It hit me as I walked to the bank the other day to deposit the rent check. The kind of worry that you remember exactly where you were when it struck you.
I was in the middle of the sidewalk, the sun was hitting my face just so that there was a large discrepancy between where the light hit my left eye, and the other remained in shadow. The sidewalk was curved, and I was looking down at my booted feet.
I’d just passed a woman at six feet of distance. I’d smiled and she did not return the kindness. She was touching the crosswalk button with her full, bare palm.
Why aren’t people more careful? What if she has the virus? I could have the virus. I hope my mom doesn’t get it. She’s a smoker—vulnerable. What if she dies? I’d have about 17 days to get up to Washington state to see her. I wouldn’t be able to hug her again. Did I remember and savor our last hug?
I looked up and saw another person approaching, not modifying their path to accommodate the appropriate amount of space for physical distancing. I walked in the gutter of the almost empty downtown Boulder street normally bustling with traffic.
Near the stoplight, I stopped myself.
“The Buddhist rule about worrying: Don’t.” I remembered the title of the Elephant article I share out all the time. It’s one of my favorites; one of the most impactful stories from my time as a reader.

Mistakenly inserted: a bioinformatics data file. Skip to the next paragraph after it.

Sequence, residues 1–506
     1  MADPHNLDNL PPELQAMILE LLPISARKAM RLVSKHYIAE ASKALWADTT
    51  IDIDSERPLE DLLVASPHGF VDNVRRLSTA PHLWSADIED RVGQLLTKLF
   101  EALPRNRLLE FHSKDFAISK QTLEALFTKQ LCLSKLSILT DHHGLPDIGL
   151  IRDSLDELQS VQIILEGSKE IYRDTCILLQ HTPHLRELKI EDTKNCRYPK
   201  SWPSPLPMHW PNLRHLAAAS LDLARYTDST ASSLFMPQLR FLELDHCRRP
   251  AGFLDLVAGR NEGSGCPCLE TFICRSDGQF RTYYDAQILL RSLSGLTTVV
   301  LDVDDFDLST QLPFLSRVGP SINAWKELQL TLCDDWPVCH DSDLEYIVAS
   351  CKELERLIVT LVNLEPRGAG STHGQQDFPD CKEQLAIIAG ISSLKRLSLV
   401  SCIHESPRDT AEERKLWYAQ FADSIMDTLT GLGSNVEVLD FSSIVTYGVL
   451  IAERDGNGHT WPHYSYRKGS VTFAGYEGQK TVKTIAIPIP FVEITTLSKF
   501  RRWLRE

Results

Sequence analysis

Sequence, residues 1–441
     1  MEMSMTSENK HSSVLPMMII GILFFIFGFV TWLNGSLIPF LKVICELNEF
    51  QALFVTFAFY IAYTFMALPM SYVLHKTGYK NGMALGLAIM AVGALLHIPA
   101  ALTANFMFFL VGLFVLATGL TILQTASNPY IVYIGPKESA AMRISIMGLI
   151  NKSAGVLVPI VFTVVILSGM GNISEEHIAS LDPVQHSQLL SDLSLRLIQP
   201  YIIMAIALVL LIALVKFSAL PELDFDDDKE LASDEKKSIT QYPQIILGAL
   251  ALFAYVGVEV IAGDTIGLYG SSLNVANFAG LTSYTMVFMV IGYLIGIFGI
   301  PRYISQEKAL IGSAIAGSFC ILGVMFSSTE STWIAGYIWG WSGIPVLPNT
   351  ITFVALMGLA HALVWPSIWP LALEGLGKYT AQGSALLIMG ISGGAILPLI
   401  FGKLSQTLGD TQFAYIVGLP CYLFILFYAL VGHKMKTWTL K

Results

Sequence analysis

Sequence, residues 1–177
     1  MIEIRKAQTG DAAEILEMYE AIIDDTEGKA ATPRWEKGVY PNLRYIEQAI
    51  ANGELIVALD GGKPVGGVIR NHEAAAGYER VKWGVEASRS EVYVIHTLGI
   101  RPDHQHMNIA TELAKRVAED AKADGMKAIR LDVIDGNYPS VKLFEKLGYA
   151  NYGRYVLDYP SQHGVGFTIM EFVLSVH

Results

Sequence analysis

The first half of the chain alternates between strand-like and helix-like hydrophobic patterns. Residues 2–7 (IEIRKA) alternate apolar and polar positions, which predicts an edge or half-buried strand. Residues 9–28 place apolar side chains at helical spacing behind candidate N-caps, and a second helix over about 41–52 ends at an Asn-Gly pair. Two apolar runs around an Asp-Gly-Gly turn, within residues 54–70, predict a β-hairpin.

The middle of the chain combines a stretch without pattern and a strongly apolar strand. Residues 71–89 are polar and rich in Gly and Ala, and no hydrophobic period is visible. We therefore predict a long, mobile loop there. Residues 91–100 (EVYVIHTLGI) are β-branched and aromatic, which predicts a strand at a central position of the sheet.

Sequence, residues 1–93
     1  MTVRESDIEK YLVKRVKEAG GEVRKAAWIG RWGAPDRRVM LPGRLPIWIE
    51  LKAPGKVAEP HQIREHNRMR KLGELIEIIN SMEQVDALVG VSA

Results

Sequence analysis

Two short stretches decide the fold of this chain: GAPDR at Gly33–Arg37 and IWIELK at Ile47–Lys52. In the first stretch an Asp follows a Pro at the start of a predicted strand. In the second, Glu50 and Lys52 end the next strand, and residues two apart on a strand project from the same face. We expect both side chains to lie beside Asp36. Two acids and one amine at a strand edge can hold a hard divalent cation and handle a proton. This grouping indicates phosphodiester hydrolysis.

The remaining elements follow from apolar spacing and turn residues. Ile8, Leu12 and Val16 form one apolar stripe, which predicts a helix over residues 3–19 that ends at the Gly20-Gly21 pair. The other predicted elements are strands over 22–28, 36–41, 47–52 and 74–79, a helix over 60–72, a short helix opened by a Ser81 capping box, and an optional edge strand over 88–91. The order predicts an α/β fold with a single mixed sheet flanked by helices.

And I heard my mind shout back at me, in panic: But if I don’t worry, how will I stay informed? How will I know what to do, or how to protect myself and others?
I’ve always identified as a worrier. But until that moment, I never fully comprehended how often I let it take over, or how much of my life I allow it to run.
Worry was driving my news consumption.
Worry was replacing the reality of a beautiful moment in the Colorado sun. Worry was replacing empty streets stretched before the very beginning of the Eastern side of the Rocky mountains with some sad day in the future where my mom might suffocate to death alone.
Worry was turning my neighborly smile into judgment and disdain.